Many parents struggle with a child’s behaviour and then default to trying to find strategies and discipline methods to curb the behaviour.
We see this in shows such as Super nanny where a child is “naughty” then the child gets put on a “time-out” or “naughty step”.
Because these are popular, well known behaviour management strategies many parents will turn to such approaches in a desperate bid to get their child to behave. The thing is these approaches do not work (if you have to use a discipline method more than once, twice and so on… it’ a sure sign it’s not working) and they don’t work because they don’t get to the root of the problem.
When a child is displaying big behaviours there are ALWAYS big feelings going on underneath these behaviours and it’s the feelings we need to work on addressing.
Getting to the root cause
“Kids do well if they can do well” (Ross Greene, child psychologist) and when they can’t, it’s because they are delayed in the development of crucial cognitive skills.
No child deliberately misbehaves. They aren’t out to get you, pushing your buttons or any other thought you have when you find yourself triggered by their behaviour. It’s easy to think that in the moment though especially when stress levels are running high.
When children can’t behave there are a number of factors to consider:
How connected are you and your child? (and a scale of 1-10, 10 being extremely high)
What’s communication like in your family? Do you talk about feelings and emotions? Do you have in depth conversations? Do you feel like you understand your child and how they see the world?
Would you say you actively listen to your child? Meaning you get down to their level, make time and space to fully listen to them. To listen without interrupting, advice giving or judgement.
Do you validate your child’s feelings? When a child says “I’m scared” do you invalidate them by saying “No you’re not, there’s nothing to be scared of” or do you validate them by responding with “I’m hearing your scared, do you want to tell me more about this?”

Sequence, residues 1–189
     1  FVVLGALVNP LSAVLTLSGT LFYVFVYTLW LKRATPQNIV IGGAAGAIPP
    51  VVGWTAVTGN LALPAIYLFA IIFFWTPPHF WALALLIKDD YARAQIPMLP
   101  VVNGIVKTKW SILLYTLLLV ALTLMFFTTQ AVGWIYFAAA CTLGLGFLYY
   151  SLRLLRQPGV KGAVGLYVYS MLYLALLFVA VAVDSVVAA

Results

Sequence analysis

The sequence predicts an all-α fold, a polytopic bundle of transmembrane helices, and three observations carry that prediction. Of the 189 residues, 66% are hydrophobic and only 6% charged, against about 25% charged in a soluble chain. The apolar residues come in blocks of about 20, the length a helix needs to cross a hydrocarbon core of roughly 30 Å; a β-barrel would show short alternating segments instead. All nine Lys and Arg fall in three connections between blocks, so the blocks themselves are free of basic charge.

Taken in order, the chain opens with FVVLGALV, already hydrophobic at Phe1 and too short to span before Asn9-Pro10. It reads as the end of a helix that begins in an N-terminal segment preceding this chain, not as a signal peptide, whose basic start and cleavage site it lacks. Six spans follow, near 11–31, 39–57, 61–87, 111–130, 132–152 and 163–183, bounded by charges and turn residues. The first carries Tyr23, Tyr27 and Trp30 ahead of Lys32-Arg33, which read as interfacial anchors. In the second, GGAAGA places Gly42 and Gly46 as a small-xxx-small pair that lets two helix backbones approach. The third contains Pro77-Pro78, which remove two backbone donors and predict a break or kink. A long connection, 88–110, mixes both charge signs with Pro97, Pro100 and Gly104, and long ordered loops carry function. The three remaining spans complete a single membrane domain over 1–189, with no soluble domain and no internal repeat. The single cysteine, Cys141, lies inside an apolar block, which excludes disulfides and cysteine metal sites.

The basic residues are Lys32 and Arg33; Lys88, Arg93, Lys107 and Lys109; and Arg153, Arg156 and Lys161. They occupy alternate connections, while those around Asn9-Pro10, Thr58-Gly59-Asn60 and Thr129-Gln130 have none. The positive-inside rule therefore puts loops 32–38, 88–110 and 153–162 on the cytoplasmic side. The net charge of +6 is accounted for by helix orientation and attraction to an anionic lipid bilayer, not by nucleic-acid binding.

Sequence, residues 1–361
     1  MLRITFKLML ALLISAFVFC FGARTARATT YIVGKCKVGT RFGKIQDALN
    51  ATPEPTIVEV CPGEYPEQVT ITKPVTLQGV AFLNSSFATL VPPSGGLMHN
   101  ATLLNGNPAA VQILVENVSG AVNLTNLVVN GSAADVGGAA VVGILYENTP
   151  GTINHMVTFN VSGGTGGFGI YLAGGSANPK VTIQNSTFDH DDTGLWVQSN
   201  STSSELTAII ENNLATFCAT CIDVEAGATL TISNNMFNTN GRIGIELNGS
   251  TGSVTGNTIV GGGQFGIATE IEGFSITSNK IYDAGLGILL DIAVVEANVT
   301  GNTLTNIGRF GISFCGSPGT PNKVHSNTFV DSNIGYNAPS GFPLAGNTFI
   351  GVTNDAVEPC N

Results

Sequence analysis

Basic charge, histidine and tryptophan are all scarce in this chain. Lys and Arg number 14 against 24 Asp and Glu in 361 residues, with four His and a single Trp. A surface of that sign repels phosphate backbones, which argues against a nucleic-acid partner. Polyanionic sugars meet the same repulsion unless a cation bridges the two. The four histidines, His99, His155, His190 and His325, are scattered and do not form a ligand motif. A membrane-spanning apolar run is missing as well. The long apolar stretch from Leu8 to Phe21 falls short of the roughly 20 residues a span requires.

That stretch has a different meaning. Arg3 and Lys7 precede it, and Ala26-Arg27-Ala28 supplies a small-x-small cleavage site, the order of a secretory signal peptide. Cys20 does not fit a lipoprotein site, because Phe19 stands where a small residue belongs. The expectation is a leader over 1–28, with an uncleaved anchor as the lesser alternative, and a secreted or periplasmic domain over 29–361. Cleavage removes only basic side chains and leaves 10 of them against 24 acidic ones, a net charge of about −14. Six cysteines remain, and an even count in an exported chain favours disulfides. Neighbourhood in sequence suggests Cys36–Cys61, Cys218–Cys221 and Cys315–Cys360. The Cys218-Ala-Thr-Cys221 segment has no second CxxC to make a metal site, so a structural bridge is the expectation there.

What’s going on at home for the child? Is your child around parental conflict? Are both parents stressed? Is the child living between two homes? Are parents extremely busy with work? Does the child have many siblings? What life stressors are you experiencing as a family?
What is going on for you as the parent? Do you suffer from mental health problems? Are you stressed, unsupported and burnt out? Are there things from your own childhood you didn’t like? What’s your relationship like with your own family?
How do you self regulate? What this means is how do you deal with your own feelings? What is your relationship like to your own anger, sadness, frustration etc. There is a big correlation between how you manage your own feelings and how your child handles theirs.
These are questions parents can reflect on if they are experiencing unwanted behaviours from their children. It’s important to move away from judging or labelling the child’s behaviour and instead dive deeper into their emotional world to think more about what the child could be thinking, feeling and experiencing.
If you are fixed on viewing your child’s behaviour (and viewing them negatively) this will impact how you respond to them and can create further disconnect in the parent/child relationship.
I’ve worked with parents just like you who initially came to me with a long list of their child’s problems and behaviours. During the course of our time together working through my 10 week ultimate parenting success course parents have started to understand their child’s feelings, found positive ways for navigating and holding space for their child’s feelings and have deepened their relationship with their child.
Here’s a case study from a parent who has recently completed the 10 week ultimate parenting success course who was struggling with her 7 year old sons aggressive behaviour and who now has more peace, calm and connection in their family. You can read more about this parent’s journey by clicking here
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Fiona has actually provided is the tools and faith to keep trying and listening, stepping back and seeing what the children are really needing from me. I will really miss our chats because I began to enjoy the act of sharing with another human being, it made me feel less alone and it made me feel like I was doing the right thing.